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Quote:
Originally Posted by arizonian View Post
So school me on this. I've run cold saws that turn slow with lots of coolant. Are there lots of chips, just no sparks? Eye protection mandatory?
In my experience Big Eddy's quote is incorrect. The dry cut saw linked by the OP will have sparks (albeit not as bad as an abrasive saw) and will definitely have chips. They are also noisy - somewhere in between an abrasive chop saw and a bandsaw, but they are quicker than a bandsaw.

The cold saws you speak of turn MUCH slower than a dry cut saw. Cold saws generally turn less than 100 RPM whereas the dry cuts are over 1000 RPM. Id love to have a cold saw - relatively quiet with a clean accurate cut.
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  #8  
Old Yesterday, 10:31 AM
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platypus20 platypus20 is offline
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I have at least one of each of the types


1 - abrasive chop saw - I have 2 of the 14" Milwaukee saws - usually quick, but noisy, smelly, lots of sparks, very inaccurate, best to used outdoors, on the plus side , the blades are readily available and cheap (which is good, because they can and do wear out fast and they are very portable. Most the newer ones I see are very cheap, folded sheet metal bases, crappy vises. I see them for sale from $150 and up, depending on brand and quality.

2 - bandsaws - I have 3, a 7" x 14" Wilton 3410 (automatic operation), a HEM saw NG160 (manual operation) and a 14" rockwell/Delta vertical metal bandsaw - As with any bandsaw, with some time and patience, they can made to cut very accurately, Quality blades can last a long time, based on usage and some care, the cost per cut can be very low. Somewhat slower in operation, but the accuracy offsets the cutting time. A bandsaw is a larger saw than a chop saw, also needs room around it for operation. Saws are available from venders for as low as $175 (on sale) and with some set up time, can be made to cut good. Blades are made by numerous companies and can be ordered with different tooth counts, based on material being cut.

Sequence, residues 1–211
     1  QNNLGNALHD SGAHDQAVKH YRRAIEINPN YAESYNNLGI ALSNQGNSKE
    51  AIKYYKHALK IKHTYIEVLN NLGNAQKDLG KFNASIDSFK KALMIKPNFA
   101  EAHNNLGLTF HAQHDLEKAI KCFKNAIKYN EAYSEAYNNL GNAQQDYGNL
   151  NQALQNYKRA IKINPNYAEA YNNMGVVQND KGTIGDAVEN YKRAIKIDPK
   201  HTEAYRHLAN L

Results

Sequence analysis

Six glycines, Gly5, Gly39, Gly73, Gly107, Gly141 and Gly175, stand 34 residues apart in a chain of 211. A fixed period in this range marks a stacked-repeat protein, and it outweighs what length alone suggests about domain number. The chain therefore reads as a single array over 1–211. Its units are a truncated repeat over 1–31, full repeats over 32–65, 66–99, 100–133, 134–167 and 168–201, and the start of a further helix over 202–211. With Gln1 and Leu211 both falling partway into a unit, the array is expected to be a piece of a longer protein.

3 - dry cuts saws - I have a 14" Milwaukee using a 72 tooth carbide tipped blade - With a sharp blade, the cut quality is excellent, but blade life is directly related to the users knowledge and operation, it very easy to ruin a $125+ quality blade in about 10 seconds, Blades can be resharpened, usually in the $40-$50 range, plus the down time, unless you have a second blade. Depending on the material, you may have sparks, regardless of material, hot chips everywhere, very loud, saw need to be stout in construction, to insure the cut quality (the reason the Milwaukee and Evolution models are usually in the $500-$700 range).

4 - cold cut saws - I have a 10" Wilton - cut quality is excellent, but slow (50-100 blade rpm), needs flood coolant, usually a heavy, large piece of equipment, which directly effects the price, (most expensive type saw), usually found in an industrial setting, Blades can be expensive, but usually last a very long time.

All that said, for the homeowner or small shop, IMO, the band saw, usually gives the best performance vs price of all of the saws
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Last edited by platypus20; Yesterday at 03:32 PM.